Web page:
HHS Releases New Guidance on Releasing PHI to Health Information Exchanges & CMS Extends Deadline for Filing 2015 Meaningful Use Attestation
The Department of Health and Human Services (HHS) released new regulatory guidance in the form of facts sheets designed to demonstrate how the HIPAA Privacy Rule permits the sharing of Protected Health Information (PHI) in Health Information Exchange (HIE). Separately, the department’s Office for Civil Rights (OCR) opened a new front on its efforts to promote health information privacy and security through helping healthcare industry stakeholders with advisory materials to educate developers of software applications that handle sensitive consumer information popular and how the HIPAA Rules might apply to scenarios in which they are used.
Authored jointly by the Office for Civil Rights (OCR) and the Office of the National Coordinator for Health IT (ONC), the fact sheets translate the use and disclosure provisions of the HIPAA Privacy Rule allow PHI to be disclosed through HIE for purposes of a covered entity’s treatment or health care operations.
The guidance documents do not break any new ground. The provisions of the Privacy Rule permitting covered entities or their business associates to disclose PHI for purposes of treatment, payment or health care operations (referred to as “TPO”) without first seeking the authorization of the patient or their personal representative have been in place since the adoption of the final rule in 2002. The guidance is designed to provide assurance through a series of use case examples that the disclosures or “sharing” for TPO can take place through the HIE.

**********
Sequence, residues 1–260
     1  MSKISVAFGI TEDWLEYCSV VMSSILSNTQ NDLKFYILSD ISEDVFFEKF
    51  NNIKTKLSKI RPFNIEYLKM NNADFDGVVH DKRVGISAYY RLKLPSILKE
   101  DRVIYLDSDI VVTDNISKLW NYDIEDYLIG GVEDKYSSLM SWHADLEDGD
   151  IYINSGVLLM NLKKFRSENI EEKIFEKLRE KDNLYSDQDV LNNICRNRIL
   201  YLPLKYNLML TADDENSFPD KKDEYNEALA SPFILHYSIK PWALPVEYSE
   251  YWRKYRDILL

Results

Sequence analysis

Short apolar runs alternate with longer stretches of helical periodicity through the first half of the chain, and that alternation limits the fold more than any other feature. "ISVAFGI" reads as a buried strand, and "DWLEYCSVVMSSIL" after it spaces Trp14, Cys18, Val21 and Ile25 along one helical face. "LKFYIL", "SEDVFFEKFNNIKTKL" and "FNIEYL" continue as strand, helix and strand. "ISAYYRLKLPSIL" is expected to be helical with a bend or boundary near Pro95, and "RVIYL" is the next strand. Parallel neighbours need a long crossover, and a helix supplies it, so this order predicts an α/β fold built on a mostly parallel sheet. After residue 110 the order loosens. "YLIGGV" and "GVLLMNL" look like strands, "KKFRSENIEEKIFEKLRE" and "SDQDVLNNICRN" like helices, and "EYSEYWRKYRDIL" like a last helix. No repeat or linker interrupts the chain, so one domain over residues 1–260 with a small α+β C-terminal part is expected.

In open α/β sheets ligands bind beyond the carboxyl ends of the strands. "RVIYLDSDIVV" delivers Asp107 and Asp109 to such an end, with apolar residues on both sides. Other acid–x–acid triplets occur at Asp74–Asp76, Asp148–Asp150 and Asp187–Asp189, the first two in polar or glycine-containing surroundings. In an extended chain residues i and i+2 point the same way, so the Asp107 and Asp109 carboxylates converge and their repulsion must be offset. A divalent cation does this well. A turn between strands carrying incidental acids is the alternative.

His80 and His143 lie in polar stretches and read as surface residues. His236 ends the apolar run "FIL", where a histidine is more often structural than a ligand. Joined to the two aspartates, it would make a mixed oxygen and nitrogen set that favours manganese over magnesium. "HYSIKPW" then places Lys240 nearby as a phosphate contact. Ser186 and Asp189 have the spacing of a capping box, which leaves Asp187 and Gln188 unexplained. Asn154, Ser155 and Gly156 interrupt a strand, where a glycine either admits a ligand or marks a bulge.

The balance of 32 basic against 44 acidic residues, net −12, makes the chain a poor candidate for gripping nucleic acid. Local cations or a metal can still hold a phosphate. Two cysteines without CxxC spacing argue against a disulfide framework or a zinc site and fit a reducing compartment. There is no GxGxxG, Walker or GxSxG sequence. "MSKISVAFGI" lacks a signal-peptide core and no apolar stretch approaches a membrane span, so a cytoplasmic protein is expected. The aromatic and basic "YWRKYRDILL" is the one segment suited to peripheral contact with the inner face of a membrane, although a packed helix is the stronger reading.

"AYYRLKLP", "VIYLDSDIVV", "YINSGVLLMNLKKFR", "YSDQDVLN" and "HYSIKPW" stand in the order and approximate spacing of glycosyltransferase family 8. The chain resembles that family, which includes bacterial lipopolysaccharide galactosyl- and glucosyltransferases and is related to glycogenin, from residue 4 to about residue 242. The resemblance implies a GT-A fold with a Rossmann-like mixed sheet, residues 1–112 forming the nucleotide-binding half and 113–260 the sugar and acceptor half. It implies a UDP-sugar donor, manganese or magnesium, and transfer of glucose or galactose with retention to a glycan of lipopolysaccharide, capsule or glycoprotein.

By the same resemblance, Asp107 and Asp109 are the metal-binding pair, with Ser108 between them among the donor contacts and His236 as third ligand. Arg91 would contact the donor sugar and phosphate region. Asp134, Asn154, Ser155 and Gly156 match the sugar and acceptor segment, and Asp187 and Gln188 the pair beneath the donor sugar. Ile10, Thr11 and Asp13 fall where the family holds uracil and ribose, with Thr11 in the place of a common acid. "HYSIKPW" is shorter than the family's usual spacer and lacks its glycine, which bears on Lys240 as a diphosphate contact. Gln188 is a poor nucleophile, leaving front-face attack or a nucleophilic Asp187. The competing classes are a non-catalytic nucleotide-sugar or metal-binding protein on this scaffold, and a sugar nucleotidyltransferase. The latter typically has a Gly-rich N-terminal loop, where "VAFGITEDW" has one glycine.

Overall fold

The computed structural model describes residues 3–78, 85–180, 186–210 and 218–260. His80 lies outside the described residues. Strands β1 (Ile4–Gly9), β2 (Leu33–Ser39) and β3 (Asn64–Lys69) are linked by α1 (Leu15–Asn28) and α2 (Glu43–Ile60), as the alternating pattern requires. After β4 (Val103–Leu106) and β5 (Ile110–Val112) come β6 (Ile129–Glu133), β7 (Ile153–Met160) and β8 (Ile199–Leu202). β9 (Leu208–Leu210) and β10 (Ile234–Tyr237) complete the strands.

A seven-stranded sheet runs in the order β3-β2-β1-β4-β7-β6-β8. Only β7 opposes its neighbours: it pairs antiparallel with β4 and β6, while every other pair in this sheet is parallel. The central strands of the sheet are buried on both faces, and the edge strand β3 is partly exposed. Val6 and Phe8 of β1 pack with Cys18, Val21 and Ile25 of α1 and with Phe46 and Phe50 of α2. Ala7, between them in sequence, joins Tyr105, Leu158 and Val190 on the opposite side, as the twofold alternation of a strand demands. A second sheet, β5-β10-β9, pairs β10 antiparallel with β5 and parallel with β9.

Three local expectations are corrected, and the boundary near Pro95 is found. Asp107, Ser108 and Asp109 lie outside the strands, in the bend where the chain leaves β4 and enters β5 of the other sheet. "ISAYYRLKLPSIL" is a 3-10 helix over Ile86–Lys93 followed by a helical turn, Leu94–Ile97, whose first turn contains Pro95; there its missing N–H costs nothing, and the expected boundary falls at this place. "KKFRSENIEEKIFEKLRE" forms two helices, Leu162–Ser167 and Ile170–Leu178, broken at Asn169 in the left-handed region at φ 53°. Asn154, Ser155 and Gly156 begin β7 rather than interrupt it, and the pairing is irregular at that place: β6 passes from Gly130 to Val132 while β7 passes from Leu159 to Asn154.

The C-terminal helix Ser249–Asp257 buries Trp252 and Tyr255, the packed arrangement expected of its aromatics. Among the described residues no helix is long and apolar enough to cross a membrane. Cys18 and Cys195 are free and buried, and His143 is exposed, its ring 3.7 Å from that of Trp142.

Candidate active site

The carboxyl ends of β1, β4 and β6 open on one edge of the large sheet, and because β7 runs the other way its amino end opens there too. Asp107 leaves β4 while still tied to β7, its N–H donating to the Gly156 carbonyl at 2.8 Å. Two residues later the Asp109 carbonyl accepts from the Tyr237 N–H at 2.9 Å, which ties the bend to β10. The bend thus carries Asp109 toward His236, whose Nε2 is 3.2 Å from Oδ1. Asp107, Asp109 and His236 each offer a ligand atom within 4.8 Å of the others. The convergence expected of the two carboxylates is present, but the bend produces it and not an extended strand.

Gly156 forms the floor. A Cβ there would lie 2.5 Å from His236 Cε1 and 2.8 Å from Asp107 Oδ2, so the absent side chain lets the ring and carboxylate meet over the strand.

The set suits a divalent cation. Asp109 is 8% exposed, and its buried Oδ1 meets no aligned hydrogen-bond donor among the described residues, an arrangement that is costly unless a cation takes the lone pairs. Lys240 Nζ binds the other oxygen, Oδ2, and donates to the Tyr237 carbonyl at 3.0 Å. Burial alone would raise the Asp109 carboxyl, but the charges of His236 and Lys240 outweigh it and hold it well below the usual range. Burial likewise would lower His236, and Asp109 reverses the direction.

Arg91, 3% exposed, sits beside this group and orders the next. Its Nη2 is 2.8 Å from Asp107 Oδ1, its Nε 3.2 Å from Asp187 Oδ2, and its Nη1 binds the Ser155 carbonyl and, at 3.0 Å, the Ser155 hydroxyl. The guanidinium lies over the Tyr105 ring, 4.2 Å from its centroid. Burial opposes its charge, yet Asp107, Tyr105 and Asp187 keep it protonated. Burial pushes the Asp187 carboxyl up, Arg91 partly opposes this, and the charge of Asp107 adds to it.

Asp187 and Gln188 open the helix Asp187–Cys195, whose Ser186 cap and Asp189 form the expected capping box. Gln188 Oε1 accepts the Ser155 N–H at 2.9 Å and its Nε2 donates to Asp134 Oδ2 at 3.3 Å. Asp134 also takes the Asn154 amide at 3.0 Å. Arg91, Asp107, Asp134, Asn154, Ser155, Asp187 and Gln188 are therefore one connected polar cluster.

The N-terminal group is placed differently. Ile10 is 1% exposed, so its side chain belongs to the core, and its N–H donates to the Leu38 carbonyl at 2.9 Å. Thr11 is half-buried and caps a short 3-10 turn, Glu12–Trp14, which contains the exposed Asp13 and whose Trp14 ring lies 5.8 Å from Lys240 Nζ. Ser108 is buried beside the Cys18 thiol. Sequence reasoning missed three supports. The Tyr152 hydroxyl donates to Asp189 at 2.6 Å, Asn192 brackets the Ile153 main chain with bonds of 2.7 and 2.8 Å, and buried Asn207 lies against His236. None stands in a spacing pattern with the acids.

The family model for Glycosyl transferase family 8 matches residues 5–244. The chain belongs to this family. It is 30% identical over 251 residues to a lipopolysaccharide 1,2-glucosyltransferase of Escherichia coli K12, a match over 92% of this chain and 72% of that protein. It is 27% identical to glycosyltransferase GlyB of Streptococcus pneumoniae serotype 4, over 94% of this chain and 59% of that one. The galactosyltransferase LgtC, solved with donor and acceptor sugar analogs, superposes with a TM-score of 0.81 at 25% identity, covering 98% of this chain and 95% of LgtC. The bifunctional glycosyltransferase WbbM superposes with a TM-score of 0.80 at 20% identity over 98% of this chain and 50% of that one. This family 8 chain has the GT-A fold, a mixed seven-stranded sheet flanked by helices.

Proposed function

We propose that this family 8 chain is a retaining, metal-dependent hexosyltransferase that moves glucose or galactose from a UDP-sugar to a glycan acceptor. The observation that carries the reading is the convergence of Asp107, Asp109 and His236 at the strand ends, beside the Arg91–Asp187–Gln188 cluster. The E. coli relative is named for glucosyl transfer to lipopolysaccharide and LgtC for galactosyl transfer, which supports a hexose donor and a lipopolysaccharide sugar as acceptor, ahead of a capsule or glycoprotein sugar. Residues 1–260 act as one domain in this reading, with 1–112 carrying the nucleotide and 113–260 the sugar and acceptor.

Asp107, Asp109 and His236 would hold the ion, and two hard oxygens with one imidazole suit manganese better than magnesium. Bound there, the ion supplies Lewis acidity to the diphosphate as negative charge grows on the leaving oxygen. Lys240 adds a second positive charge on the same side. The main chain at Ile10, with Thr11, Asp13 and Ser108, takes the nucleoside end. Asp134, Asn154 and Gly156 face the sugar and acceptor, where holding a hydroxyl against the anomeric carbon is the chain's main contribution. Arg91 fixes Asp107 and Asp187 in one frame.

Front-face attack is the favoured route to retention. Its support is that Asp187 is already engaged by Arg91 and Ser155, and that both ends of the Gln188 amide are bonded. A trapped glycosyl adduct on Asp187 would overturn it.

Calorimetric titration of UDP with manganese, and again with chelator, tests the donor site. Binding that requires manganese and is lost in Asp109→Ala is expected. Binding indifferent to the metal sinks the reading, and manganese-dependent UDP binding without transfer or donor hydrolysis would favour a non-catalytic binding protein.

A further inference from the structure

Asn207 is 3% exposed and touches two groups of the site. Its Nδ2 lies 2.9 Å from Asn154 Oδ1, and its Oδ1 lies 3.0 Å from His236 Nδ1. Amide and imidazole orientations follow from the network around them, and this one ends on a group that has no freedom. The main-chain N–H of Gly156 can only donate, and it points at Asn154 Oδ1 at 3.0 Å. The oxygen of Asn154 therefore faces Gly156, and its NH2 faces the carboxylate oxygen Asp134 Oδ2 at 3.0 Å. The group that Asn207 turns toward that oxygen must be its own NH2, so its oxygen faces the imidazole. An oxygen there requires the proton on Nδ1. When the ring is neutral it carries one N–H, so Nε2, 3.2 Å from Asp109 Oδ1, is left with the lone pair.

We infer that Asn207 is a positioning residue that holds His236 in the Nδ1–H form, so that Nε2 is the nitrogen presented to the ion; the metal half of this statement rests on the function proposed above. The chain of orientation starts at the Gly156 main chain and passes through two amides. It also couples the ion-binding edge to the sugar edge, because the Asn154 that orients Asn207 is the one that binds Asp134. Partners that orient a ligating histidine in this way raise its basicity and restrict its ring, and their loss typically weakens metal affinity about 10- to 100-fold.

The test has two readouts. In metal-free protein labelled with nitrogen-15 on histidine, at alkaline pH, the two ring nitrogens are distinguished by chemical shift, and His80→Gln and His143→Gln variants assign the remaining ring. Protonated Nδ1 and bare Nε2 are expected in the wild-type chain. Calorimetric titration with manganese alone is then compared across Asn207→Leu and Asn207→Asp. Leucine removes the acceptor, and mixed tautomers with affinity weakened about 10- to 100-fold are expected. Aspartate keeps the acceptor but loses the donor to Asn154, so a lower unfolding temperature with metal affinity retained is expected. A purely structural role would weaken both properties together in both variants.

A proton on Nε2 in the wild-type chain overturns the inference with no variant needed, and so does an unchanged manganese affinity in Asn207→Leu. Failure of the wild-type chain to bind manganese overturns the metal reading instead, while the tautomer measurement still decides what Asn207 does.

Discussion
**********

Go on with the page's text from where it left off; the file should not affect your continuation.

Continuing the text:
For example, the Privacy Rule applies a broad based approach to the disclosure of PHI for purposes of health care treatment in which the principles of minimum necessary do not come into consideration so long as the provider receiving the patient’s information is directly or indirectly involved in the treatment for the patient. For disclosures for health care operations, the guidance provides examples of how PHI can be used or disclosed for a number of purposes like conducting quality assessment and improvement activities, developing clinical guidelines, or conducting some patient safety activities.
However, the Privacy Rule sets certain conditions in order for PHI to be disclosed without patient authorization. First, both covered entities must have a relationship with the patient. Second, the PHI must pertain to that relationship. And, only the minimum information necessary to accomplish the purpose for which the data is required can be disclosed.
Rounding out the trio of new releases, OCR posted new guidance on its “mHealth Developer Portal” to provide scenarios where the HIPAA Privacy and Security standards might apply to mobile health applications. OCR developed the guidance to present through a series of use case scenarios that are meant to help developers determine how federal regulations might apply to products they are building. Another goal is to reduce some of the uncertainty that some stake holders cite as a barrier to innovation.
On an unrelated note, CMS has quietly extended the deadline for hospitals and eligible providers filing the attestation for the 2015 Medicare and Medicaid Meaningful Use program year. The new deadline for filing the attestation on the CMS EHR Incentive Attestation Portal is March 11, 2016.